Corporate boards employ independent directors to solve many corporate governance problems, including monitoring related-party or conflicted transactions, protecting minority shareholders against a dominant majority, setting the company’s executive pay, and auditing the company’s financial reports. From these responsibilities stems the typical definition for independent directors: “one who has no need or inclination to stay in the good graces of management, and who will be able to speak out, inside and outside the boardroom, in the face of management’s misdeeds in […] (More →)

When Privacy Meets Politics, Privacy Has a Price Tag: The FCC Broadband Regulation Rollback

A Primer on ISPs: Our Gateway to the Internet Internet service providers (“ISPs”) are our gateway to the Internet. In this capacity, they have the ability to collect, store, and share an “unprecedented breadth” of personal information about consumers, including consumers’ precise geolocation, browsing history, and content of communications. Consumers have very limited, if any, choice regarding their ISP usage; in many regions, ISPs “enjoy near-monopolistic power inside their service areas.” A recent FCC report contained data showing that as […] (More →)

Benefits and Drawbacks of the 2017 NBA CBA

In 2011, the National Basketball Association (NBA) and the National Basketball Players Association (NBPA) failed to agree on a new Collective Bargaining Agreement (CBA). The failed negotiations, led by NBA Commissioner David Stern and NBPA President Derek Fisher, resulted in a lockout that ultimately shortened the season from 82 to 66 games. Luckily, this year both parties were able to come to an agreement without infringing on the season, and a new CBA was ratified in late December 2016. Unless […] (More →)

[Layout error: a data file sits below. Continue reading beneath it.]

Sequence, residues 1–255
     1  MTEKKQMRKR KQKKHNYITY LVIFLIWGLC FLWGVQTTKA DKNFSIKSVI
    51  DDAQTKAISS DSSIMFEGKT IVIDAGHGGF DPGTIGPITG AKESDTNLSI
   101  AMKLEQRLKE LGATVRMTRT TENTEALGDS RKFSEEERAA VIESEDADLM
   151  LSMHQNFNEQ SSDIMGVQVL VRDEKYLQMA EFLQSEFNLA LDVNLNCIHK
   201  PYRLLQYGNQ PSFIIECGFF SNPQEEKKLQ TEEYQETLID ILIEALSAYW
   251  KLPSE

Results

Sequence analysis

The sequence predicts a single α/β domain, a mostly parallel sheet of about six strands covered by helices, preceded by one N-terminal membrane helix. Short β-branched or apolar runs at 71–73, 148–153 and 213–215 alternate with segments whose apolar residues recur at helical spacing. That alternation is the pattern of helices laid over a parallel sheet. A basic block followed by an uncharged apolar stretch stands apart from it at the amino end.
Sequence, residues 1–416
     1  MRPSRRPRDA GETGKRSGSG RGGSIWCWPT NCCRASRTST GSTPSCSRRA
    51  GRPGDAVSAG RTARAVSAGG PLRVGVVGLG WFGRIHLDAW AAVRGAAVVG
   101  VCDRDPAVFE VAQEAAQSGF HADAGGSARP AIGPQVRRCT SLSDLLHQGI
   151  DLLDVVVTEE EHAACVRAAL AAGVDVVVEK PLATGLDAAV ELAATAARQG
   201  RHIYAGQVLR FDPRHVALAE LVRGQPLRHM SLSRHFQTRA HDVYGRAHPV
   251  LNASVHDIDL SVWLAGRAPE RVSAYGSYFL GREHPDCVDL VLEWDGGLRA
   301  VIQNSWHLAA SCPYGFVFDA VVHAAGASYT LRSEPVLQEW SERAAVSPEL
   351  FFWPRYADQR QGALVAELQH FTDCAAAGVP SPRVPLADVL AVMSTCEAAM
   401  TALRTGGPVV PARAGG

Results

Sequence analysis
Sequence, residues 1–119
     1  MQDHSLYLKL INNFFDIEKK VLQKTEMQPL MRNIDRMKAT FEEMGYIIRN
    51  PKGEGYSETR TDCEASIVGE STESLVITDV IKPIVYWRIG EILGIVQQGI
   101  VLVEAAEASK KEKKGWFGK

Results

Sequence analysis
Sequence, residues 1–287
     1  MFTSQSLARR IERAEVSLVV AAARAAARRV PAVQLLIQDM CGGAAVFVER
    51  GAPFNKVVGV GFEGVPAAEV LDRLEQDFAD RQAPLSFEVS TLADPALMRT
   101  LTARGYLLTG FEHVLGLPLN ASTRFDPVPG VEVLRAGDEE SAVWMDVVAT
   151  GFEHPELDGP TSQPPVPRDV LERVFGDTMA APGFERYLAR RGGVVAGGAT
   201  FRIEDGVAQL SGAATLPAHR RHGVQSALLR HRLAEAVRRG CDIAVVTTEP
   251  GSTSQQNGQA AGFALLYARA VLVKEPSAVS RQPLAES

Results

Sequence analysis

Amid Terrorists’ Use of Social Media, Where Does a Social Media Platform’s Right to Ensure Free Speech End?

The Islamic State (ISIS) and other terror groups have revolutionized terror enlistment through their use of social media to fundraise, recruit, indoctrinate, and train new recruits. ISIS’s social media outreach in particular, especially through Twitter, has been the impetus for people from around the world to join ISIS’s ranks and plan and carry out attacks in their home countries. For instance, ISIS has specifically targeted women and girls as recruits through social media. In fact, the largest U.S. technology companies […] (More →)

In the Business of Litigating: Legal and Ethical Concerns Facing the Commercial Litigation Financing Industry

It is no secret in both the legal and business communities just how expensive litigation can be. In 2015, larger US companies were maintaining, on average, a litigation budget of roughly $11.6 million in order to cover their expected costs for the year. The changing nature of litigation, particularly the rise in scope of e-discovery, has resulted in an uptrend in these numbers in recent years. As companies are increasingly finding these costs to be too excessive, they are looking […] (More →)

About CBLR

Columbia Business Law Review is the first legal periodical at a national law school to be devoted solely to the publication of articles focusing on the interaction of the legal profession and the business community. The review publishes three issues yearly, which involve students in the editing of leading articles in business law, as well as the production of student-written notes.